No one has claimed responsibility for the blast which took place outside of a football stadium in Jalalabad city, capital of eastern Afghanistan's Nangarhar province.
An Afghan official says a motorcycle bomb in eastern Nangarhar province killed at least five people.
Attahullah Khogyani, spokesman for the provincial governor, says eight were wounded in Sunday’s blast, which took place outside of a football stadium in the provincial capital of Jalalabad.
Khogyani says the explosion took place shortly after a pro-government rally ended at the football stadium.
The rally had been packed with supporters of the government.
No one immediately claimed responsibility for the bombing.
On Saturday, two intelligence service members, including the director of the Jalalabad intelligence department were killed, and 10 others, including both soldiers and civilians were wounded in multiple bomb attacks by Daesh militants in Jalalabad.
A local affiliate of the Daesh group is seeking to expand its footprint in Afghanistan.
Commander of Taliban 'special forces' killed
The National Directorate of Security (NDS) said Mullah Shah Wali, also known as Mullah Naser, the commander of the Taliban's "special forces" branch, known as the "Red Unit was killed in an air operation in Helmand, last week.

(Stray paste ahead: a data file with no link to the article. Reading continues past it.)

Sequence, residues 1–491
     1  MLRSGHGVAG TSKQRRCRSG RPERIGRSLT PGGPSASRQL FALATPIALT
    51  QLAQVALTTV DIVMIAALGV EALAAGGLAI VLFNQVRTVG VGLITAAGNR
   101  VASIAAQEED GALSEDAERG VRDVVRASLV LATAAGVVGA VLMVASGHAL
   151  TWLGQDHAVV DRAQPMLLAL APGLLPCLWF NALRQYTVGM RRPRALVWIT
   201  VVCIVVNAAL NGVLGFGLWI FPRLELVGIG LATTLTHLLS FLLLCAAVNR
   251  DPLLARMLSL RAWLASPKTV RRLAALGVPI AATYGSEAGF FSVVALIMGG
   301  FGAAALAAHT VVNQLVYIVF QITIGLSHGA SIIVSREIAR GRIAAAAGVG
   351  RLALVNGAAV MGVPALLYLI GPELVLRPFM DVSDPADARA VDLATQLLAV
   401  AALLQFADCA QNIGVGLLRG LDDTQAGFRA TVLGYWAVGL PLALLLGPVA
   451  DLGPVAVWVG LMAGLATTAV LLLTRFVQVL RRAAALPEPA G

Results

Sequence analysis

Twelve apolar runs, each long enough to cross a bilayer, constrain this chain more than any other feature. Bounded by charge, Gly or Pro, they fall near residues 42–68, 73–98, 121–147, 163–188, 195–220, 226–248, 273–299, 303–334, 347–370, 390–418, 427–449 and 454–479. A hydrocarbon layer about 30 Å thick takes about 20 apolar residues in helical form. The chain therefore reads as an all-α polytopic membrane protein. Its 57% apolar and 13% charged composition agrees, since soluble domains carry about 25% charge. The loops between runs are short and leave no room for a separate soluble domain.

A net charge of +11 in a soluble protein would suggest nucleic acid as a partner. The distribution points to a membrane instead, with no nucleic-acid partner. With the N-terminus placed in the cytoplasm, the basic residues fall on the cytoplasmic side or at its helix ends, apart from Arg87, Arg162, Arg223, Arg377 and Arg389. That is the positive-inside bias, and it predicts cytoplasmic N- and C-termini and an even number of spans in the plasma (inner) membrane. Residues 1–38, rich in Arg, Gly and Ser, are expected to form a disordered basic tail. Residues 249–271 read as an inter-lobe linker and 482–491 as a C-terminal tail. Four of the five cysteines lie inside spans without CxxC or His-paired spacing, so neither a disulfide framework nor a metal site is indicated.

The province is a Taliban stronghold in the heartland of Afghanistan's lucrative drug trade.
Wali became the commander of the Taliban's "Red Unit" as well as deputy shadow governor of Helmand province three years ago and was directly involved in Taliban offensives, the statement said.
The "Red Unit" is thought to be equipped with advanced weapons, including night vision scopes, 82mm rockets, heavy machine guns and US-made assault rifles, according to the Afghan military.
Wali was killed alongside a suicide bomber and two other Taliban commanders in Helmand's Musa Qala district, according to the NDS.
The United States has worked hard to build up Afghan air support and attack capabilities since they were found inadequate after most foreign forces withdrew three years ago.